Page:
Drug screening helps to reduce an employer’s risk in the workplace by lowering workers’ compensation incidence rates and workplace accidents. However, just because someone’s drug test comes back clean once doesn’t mean they won’t ever use drugs in the workplace. This is why it may be a good idea (and possibly legally mandatory, depending on your state) to test employees regularly, especially if their job involves driving or operating heavy machinery.
Accidents and injuries should not be occurring in the workplace if employees are abiding by set safety regulations. When an accident or injury occurs, it’s often a sign that something went wrong — or that someone was distracted and not doing their job. Although accidents can occur even when everyone follows all the rules, requiring drug testing after workplace injuries is a common policy simply to cover the company’s bases.
If your company has a zero-tolerance policy in regards to drug use, and you discover that the person was injured as a result of the effects of drugs or alcohol use during work hours, the company may not be responsible for the injury. The company would not be liable for paying workers’ compensation for an injury that was not their fault. Although employers should be willing to compensate employees when something goes wrong, an employee under the influence at work isn’t doing their job, and they’re even putting their other coworkers at risk.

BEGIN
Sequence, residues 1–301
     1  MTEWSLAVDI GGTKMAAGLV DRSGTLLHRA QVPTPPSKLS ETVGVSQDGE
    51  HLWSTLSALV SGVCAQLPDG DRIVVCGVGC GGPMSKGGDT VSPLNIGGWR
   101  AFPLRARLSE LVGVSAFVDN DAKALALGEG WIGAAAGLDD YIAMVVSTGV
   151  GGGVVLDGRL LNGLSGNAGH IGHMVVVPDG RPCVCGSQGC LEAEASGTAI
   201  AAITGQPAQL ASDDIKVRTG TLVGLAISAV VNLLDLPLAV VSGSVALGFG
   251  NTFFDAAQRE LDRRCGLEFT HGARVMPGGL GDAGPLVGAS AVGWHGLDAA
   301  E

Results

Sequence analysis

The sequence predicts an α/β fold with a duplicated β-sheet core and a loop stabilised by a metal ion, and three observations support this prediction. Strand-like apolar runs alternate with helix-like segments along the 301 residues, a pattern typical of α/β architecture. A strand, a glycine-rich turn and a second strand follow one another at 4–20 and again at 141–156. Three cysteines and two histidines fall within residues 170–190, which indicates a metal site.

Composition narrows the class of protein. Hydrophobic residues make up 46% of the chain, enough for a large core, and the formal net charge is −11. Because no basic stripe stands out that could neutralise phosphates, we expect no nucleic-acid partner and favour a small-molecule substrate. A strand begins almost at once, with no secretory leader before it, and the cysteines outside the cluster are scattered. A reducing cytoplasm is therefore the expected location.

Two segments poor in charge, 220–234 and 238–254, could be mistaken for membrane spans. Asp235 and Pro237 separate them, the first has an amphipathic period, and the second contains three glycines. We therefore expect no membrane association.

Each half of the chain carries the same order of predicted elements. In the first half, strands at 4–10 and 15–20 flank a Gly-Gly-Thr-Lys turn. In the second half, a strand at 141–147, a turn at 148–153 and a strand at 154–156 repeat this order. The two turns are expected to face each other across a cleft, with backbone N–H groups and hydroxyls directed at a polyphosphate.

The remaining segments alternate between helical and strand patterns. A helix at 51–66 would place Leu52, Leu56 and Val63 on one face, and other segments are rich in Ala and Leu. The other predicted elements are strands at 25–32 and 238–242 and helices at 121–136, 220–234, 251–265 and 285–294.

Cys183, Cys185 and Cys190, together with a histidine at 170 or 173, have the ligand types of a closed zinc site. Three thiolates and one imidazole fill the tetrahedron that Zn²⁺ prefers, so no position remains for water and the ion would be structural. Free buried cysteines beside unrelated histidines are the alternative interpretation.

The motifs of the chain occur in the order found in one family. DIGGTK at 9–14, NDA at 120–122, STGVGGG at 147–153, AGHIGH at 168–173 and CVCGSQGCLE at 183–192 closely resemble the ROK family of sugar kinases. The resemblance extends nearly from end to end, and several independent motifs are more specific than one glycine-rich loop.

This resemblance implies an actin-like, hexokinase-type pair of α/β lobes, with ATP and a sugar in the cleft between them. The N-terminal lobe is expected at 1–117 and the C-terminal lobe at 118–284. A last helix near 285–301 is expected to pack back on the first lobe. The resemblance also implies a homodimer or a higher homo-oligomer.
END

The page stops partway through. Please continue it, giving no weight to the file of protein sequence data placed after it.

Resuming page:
However, it’s important to remember that addiction is a public health issue, sometimes even leading to overdoses in the workplace. If your workplace doesn’t involve physical labor, driving or regular drug testing, there are often still occasions when an employee may be discovered or come forward about struggling with addiction and say that they will be undergoing substance abuse treatment. Under these circumstances, the HR representative will need to ensure they comply with federal laws regarding substance abuse in the workplace.